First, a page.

Atmospheric carbon dioxide today registers 390 parts per million, and counting. Even in the most optimistic global scenarios, our fossil-fuel-burning ways will result within the next 100 years in a full doubling of the preindustrial amount of atmospheric carbon dioxide—up to 560 parts per million—and beyond.
At the United Nations Climate Change Conference in Bonn this month, nations will try again to come to grips with the enhanced greenhouse effect spurred by this rise in the Molecule of the Millennium. But let’s set aside for a moment the future implications of the CO2 shift and go back 40 million years to the last time that an atmospheric shift of this magnitude took place. A look back provides a startling perspective on how different the environments of the earth have been—and how different they may become.
As far as scientists can tell through analyzing soil and sediment, the last time the planet’s atmospheric CO2 hovered around 560 ppm was 40 to 50 million years ago. What happened next was that carbon dioxide levels were cut in half, falling from over 560 to 280 ppm. This swing took a very long time—25 million years. (Compare that to the pace of change we are on now, which forecasts CO2 amounts doubling in 250 years.)
What caused that ancient drop in CO2? The emergence of Mount Everest. At that time, the Indian subcontinent was its own island in its own sea. But as though in a fit of loneliness, the Indian plate restlessly charged northward at a steady clip of 20 centimeters per year. In the ensuing grand collision with the continent we know as Asia, the Himalayan mountains were born.
With the emergence of great mountains like the Himalayas came immense amounts of freshly exposed rock. This rock chemically breaks down when exposed to rain, snow and ice. Over time, the eons-long Himalayan weathering process created a massive drawdown of atmospheric CO2.
CO2 and water naturally mingle in the atmosphere to create mildly acidic precipitation, and when this precipitation falls it removes CO2 from the air. Most of the time, the CO2 quickly returns to the atmosphere, rapidly refreshing the cycle. But when precipitation falls on fresh rocks, like the ones in the young Himalayas, an ionic stew of dissolved solids is carried oceanward, locking the carbon atoms away as limestone rocks in the sea much the way hard water in your pipes can leave limey rings in your bathtub.
The ensuing drop in atmospheric CO2 due in part to Himalayan chemical weathering was enormous: levels fell from 1000 ppm, to 560 ppm, and finally to 280 ppm. That’s the amount, according to studies of ice cores extracted from Antarctica and Greenland, that was present before the first chunk of fossil fuel was mined and burned.
What planetary changes were wrought by this decline in atmospheric CO2? From a climate perspective, one of the most significant effects was the rise of the first ice age in 300 million years. As the greenhouse effect weakened with the drop in CO2, the ever-present cyclical variations in the earth’s orbit (which under higher CO2 conditions are themselves not sufficient to trigger major climate changes) were suddenly enough to kick off a series of ice ages. The presence of the Greenland and Antarctic ice sheets signifies that we are still living in that Ice Age, a rare phenomenon during the earth’s 4.6 billion years.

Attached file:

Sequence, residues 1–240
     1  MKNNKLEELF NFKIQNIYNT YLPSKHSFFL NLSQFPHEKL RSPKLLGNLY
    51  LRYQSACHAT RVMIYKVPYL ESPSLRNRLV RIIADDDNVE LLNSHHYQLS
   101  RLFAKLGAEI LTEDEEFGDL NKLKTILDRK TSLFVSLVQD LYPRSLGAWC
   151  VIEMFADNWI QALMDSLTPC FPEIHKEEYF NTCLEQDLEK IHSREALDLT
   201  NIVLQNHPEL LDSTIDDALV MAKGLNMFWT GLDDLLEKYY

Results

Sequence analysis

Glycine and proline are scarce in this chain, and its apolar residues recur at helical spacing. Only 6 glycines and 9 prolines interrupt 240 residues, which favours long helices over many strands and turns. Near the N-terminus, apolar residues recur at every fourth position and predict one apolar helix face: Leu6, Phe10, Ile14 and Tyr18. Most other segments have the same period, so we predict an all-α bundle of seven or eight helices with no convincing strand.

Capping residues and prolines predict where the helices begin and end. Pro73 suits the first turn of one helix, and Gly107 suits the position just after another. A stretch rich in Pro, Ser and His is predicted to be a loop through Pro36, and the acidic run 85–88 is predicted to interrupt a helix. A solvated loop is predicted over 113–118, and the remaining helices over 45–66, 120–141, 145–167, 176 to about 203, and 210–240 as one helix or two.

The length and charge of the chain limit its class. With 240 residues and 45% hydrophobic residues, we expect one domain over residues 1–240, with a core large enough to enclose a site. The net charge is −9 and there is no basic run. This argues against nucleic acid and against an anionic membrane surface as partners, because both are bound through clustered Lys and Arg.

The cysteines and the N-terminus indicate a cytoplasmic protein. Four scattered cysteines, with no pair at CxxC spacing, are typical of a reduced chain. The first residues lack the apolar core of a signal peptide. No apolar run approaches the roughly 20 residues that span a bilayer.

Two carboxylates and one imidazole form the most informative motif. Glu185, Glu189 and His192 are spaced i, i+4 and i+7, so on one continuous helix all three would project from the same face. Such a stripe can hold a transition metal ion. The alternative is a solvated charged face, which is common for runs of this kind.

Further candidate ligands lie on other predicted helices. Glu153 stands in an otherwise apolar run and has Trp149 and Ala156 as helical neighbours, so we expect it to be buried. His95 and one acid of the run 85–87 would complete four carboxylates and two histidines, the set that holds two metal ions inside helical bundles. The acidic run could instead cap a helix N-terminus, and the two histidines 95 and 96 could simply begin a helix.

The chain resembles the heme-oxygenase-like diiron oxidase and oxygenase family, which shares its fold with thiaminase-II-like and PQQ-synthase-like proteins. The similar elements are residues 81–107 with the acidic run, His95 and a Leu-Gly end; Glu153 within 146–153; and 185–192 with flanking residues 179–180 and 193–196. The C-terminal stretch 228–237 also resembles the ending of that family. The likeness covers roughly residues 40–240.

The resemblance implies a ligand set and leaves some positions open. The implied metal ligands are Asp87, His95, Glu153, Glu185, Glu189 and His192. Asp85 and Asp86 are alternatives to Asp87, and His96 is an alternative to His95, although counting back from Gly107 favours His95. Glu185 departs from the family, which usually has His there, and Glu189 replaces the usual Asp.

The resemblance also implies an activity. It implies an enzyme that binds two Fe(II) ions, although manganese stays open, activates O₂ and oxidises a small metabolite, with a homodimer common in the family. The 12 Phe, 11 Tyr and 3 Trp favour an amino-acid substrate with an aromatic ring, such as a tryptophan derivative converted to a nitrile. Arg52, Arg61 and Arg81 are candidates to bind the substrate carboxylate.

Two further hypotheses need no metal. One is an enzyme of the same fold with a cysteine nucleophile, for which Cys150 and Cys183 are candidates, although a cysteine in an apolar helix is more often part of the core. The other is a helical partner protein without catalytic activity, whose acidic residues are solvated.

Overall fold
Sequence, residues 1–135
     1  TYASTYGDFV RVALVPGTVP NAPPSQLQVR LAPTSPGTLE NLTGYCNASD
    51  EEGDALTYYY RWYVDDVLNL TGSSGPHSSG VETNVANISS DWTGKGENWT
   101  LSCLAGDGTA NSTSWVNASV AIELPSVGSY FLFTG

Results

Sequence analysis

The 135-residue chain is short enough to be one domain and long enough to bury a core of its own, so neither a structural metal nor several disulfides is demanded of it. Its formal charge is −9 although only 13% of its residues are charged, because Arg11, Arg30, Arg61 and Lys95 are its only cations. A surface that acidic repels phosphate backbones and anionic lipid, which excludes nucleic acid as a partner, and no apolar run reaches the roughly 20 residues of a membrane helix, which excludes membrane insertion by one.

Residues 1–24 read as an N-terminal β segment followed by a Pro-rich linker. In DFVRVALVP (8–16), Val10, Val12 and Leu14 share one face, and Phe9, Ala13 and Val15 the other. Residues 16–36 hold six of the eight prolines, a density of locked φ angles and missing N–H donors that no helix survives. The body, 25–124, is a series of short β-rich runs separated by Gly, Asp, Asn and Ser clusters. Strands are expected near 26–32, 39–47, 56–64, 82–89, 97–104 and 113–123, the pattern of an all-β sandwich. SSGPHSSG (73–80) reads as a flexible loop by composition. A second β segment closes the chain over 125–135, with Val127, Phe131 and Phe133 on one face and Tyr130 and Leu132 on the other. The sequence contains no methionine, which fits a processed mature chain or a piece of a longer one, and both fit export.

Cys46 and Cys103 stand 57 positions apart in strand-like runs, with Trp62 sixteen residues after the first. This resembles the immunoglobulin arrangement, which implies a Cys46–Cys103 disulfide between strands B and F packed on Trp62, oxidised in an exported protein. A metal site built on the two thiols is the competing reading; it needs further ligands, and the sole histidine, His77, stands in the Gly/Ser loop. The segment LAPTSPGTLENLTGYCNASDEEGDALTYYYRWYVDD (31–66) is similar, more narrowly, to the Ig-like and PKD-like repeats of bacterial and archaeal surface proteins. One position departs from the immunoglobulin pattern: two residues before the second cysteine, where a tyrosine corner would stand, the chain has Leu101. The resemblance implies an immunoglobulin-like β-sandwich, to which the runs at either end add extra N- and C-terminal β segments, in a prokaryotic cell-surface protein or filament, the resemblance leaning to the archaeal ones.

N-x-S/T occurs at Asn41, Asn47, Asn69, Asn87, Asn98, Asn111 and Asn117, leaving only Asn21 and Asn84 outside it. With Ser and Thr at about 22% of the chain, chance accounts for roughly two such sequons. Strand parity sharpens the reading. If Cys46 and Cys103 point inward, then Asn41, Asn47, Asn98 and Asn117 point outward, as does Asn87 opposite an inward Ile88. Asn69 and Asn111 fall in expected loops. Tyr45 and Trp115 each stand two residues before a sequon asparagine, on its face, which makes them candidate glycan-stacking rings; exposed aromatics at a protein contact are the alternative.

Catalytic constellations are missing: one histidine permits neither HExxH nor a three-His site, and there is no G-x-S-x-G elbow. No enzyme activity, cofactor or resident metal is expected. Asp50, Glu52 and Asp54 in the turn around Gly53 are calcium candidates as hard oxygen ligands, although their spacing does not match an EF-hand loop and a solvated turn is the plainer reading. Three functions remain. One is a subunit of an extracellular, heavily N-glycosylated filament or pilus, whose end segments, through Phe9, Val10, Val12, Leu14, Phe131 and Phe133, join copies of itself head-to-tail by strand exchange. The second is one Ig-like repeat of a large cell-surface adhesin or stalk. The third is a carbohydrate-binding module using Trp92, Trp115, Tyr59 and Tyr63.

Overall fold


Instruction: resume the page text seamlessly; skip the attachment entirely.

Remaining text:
Equally remarkable, and especially instructive for our situation, was the effect of this drop in CO2 on plants, the organisms that depend upon CO2 for their very livelihood. As their chief building block—atmospheric CO2—declined, plants found themselves in a dire situation. Plants’ ability to photosynthesize gradually fell to record lows. Then something startling happened. Studies of the fossil teeth of ancient horses and camels reveal that a new kind of grass developed that used a radically new kind of photosynthesis process—one in which CO2 values are essentially magnified within the leaf before the photosynthetic process occurs. The competitive balance was tipped far enough to allow these plants to gain a strong foothold in many of the earth’s ecosystems. Today we have come to depend on several descendants of these grasses; they include corn, sorghum, sugarcane and millet.
It’s humbling to consider the dramatic shifts that came from the last major change in atmospheric CO2: both the dawn of the ice ages and the evolution of a new photosynthetic strategy that today produces a major fraction of the global food supply. When one contrasts this gradual unfolding of change over tens of millions of years with the current “global exhale” that will double CO2 in an eyeblinkingly fast 250 years, it’s clear that the environmental consequences are likely to be even more mind-bending. As we’ve learned through the complex interplay between CO2 levels, orbital cycles and the earth’s past climate, the future upswing in CO2 will combine with myriad other processes to effect change.
Already, scientists have observed that the competitive balances of plants have been upended due to human-enabled invasions of exotic species and that other new biological feedbacks (such as astonishing population crashes in important pollinator species like bats and honeybees) are occurring. And ironically, while CO2 is the very lifeblood of plants, some scientists predict that these and other stresses may interact with CO2-driven climate change to exacerbate a mass global extinction of native plant species that is already under way. Others studying agricultural systems wonder how our powerful arsenal of scientific tools (like genetic modification) might be best, and most ethically, applied in order to address the problems. At the very least, our world is departing quickly and radically from anything that plants—or people—have ever seen.
What sort of world will we bequeath our children? We must do more than hold our breath.